You Were Doing Fine!

“You Were Doing Fine!” Friend, June 1992, 40

You Were Doing Fine!

All these things shall give thee experience, and shall be for thy good (D&C 122:7).

My little sister, Becki, was only four, and one of those rare people who fear nothing. She was strong, curious, and independent. I often wished she were different, because one of my big-sister fantasies was to rescue her. Little could I know that my daydream would come true that summer afternoon.

I was ten. Our family was traveling from California to Salt Lake City, Utah, on vacation. About halfway there was the city of St. George, Utah, where we decided to stay overnight. Daddy chose a motel with a pool, and it was only a matter of minutes to my first delicious leap into the cool water. I loved to swim, even though my best effort was a clumsy dog paddle.

I was lounging in a big inner tube, pretending that I was a glamorous movie star at a Hollywood party, when I heard a shout from my sister. “Watch, Daddy!”

I rolled over in the water, with one arm still wrapped securely around the inner tube. Becki was lying “through” a smaller tube, splashing her arms and legs like crazy. I knew she thought that she was really swimming. Daddy called encouragement from his deck chair.

Just then Becki’s tube slipped down her wriggling body and scooted several feet behind her. She was in the deepest end of the pool.

I started to kick furiously, pushing my own inner tube in front of me, hoping I could get it to her before she sank. It was only a few feet, but it seemed ages before the tube was finally within her reach. In my desperation to kick fast enough, I hadn’t wasted any breath calling for help, but I knew that Dad was there and would help me if I needed it.

Becki lunged wildly at the inner tube. To my horror, her sudden attack jarred it from my own grasp and sent it skittering out of reach.

Suddenly I felt Becki’s tiny but steely fingers clutch at my neck. She was kicking and thrashing like a miniature hurricane, making it impossible for me to see through the water she was churning up. I felt my mouth fill with water, and I realized that with Becki’s weight around my neck, I was now struggling beneath the surface.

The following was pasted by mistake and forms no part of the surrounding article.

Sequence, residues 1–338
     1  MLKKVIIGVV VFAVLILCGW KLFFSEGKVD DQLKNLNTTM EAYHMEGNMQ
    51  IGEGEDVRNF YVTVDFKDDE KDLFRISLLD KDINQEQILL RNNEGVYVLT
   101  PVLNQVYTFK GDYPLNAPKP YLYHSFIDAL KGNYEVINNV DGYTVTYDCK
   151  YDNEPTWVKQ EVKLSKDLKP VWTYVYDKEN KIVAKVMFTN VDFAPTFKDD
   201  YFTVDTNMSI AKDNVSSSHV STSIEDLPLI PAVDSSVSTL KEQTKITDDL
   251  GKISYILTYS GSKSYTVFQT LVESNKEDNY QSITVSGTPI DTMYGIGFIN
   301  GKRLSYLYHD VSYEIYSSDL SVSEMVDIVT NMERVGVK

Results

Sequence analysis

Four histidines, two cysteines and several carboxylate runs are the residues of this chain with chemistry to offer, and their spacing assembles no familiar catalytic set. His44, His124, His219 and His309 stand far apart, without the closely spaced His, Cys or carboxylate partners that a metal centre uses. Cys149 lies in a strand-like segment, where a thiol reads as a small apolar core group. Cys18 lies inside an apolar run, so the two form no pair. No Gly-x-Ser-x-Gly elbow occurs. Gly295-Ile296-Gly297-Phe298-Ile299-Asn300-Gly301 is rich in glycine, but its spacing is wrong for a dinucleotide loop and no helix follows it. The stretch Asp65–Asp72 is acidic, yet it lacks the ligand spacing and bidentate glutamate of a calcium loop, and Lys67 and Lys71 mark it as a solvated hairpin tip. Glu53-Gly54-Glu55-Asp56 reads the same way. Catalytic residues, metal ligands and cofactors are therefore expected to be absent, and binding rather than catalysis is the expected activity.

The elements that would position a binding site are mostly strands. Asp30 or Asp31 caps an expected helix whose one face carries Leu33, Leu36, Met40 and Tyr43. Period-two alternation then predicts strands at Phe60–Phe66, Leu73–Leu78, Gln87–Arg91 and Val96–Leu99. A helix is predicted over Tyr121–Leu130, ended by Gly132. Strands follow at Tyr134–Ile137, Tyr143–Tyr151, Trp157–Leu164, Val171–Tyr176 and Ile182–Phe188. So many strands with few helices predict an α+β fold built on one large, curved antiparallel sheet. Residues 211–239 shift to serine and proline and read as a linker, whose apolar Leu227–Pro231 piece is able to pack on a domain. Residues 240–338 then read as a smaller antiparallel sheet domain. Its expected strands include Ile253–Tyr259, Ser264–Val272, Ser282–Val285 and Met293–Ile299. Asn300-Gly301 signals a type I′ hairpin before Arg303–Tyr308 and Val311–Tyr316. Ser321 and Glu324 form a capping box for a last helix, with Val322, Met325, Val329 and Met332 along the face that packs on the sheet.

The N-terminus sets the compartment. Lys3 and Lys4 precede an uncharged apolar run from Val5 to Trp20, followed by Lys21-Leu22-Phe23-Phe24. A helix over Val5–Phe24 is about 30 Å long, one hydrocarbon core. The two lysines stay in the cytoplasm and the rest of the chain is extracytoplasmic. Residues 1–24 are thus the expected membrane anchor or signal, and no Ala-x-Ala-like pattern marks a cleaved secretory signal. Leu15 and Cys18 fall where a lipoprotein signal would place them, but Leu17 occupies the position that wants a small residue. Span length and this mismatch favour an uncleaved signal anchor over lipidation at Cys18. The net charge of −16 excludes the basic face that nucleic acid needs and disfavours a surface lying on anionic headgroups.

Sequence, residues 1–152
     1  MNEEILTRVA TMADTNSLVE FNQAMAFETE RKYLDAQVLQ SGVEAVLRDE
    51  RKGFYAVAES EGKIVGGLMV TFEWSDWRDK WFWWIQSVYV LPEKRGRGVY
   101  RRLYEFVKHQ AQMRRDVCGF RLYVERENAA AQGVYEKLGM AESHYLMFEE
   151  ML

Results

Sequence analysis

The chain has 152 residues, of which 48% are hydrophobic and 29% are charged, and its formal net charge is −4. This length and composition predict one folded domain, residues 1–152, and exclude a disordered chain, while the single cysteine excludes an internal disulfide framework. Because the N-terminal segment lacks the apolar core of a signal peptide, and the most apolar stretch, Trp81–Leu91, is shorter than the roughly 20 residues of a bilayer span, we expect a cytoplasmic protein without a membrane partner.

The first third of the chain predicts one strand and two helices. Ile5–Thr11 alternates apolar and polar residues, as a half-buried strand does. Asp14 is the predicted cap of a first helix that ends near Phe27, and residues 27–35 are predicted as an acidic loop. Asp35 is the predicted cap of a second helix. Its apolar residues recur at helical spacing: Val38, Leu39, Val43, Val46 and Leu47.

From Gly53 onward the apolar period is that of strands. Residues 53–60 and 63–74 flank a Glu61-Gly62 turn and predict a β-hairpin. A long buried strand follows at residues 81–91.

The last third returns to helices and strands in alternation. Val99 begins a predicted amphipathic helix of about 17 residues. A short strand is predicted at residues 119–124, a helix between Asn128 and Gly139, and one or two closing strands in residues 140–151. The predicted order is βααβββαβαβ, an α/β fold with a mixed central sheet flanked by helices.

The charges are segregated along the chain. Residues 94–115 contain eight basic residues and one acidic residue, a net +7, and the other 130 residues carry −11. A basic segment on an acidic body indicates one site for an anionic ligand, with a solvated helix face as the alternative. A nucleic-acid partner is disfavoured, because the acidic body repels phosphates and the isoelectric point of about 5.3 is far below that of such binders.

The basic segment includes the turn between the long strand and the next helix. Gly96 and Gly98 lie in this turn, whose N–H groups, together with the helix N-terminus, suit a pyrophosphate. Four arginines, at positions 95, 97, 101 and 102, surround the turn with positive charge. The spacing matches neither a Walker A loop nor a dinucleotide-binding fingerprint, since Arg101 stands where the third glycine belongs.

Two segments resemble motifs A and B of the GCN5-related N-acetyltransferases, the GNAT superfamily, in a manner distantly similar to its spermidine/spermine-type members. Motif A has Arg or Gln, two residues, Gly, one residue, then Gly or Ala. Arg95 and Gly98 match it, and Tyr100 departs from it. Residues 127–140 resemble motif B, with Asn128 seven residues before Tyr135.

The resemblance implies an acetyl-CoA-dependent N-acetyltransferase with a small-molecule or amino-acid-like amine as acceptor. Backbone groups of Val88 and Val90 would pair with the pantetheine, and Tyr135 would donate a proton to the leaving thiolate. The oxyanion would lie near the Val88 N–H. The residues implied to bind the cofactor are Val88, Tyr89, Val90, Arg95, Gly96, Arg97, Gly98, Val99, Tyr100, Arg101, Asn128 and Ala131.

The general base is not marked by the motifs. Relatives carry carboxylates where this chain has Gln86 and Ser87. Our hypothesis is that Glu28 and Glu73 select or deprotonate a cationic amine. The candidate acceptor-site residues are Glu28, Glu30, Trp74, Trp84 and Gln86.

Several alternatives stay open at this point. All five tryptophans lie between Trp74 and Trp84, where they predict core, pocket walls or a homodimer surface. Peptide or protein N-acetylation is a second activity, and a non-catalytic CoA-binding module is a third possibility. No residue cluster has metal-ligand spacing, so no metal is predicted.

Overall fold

As her grip tightened chokingly, the thrashing lessened. In a flash of clarity, I understood that Becki trusted me to save her now. Here was the chance I’d always wanted. But it was nothing like I’d imagined! With a sickening panic, I thought, I’m not good enough to save anybody! I can’t swim well enough, and I can’t even breathe myself!

I could see the surface of the water just an inch or two beyond my face. Every thought stood clearly in my mind, while my body acted almost independently at racing speed. I had been kicking for all I was worth, trying desperately to get my face out of the water, at the same time holding Becki’s head in the air.

Meanwhile I wondered about Daddy. I knew that he was right there, and yet he hadn’t come into the pool to help us. Was he going to just sit there watching while both of us were about to drown? I remembered that not only was Dad a super swimmer but he had learned lifesaving skills in the Navy. Why didn’t he do something?

Although I was now swallowing water, I kept kicking. I didn’t try to loosen Becki’s trusting hug. I knew that she was depending on me. I still wanted to save her, even if I died trying.

That was my final, foggy thought as her grip suddenly relaxed and my head bobbed up to see Daddy lifting her out of the pool. I’d managed to reach the pool’s side with all my frantic kicking. Gasping, I grabbed hold of the edge. I was dizzy, relieved, and weak.

“Good girl, Linda,” Daddy said, smiling down at me. “You saved your little sister!”

I stared at him. He squatted down to me, his expression full of emotions I couldn’t read. Reaching under my arms, he hauled me into that special hug that only a dad can give. Hugging back weakly, I still struggled to breathe normally. Finally I pushed away to ask the question burning inside: “Why didn’t you help me? I almost couldn’t do it! I nearly drowned both of us!”

Daddy shook his head. “I could see you, remember? You were moving toward the side of the pool the whole time. I knew that you would make it.”

He must have seen my unbelief and shock, because he continued, “You were doing fine! You did fine!” He patted my shoulder, then turned away to watch Becki, who was already heading back into the water.

I have often thought of that incident as I have grown older. I learned something important that day about my father’s point of view. He could see more than I. He could tell that I would make it—but he let me find out for myself.

I think Heavenly Father is like that. When I’m thrashing along with a bad habit I can’t seem to change, or a goal I can’t seem to reach, thinking I’m not good enough and about to “sink,” I remember that Heavenly Father can see more than I. Perhaps I’m moving in the right direction and don’t know it yet. Perhaps He knows how close I am to safety and success and has the confidence in me that I lack in myself. Perhaps He wants me to learn and grow from a hard experience. Sometimes when I’m struggling the hardest, I wonder why He doesn’t “jump in” and help me. That’s when I remember my dad saying, “You were doing fine.”

I know Father is watching. He’ll help me when I really need Him to. But for now I just need to keep kicking.

Illustrated by Phyllis Luch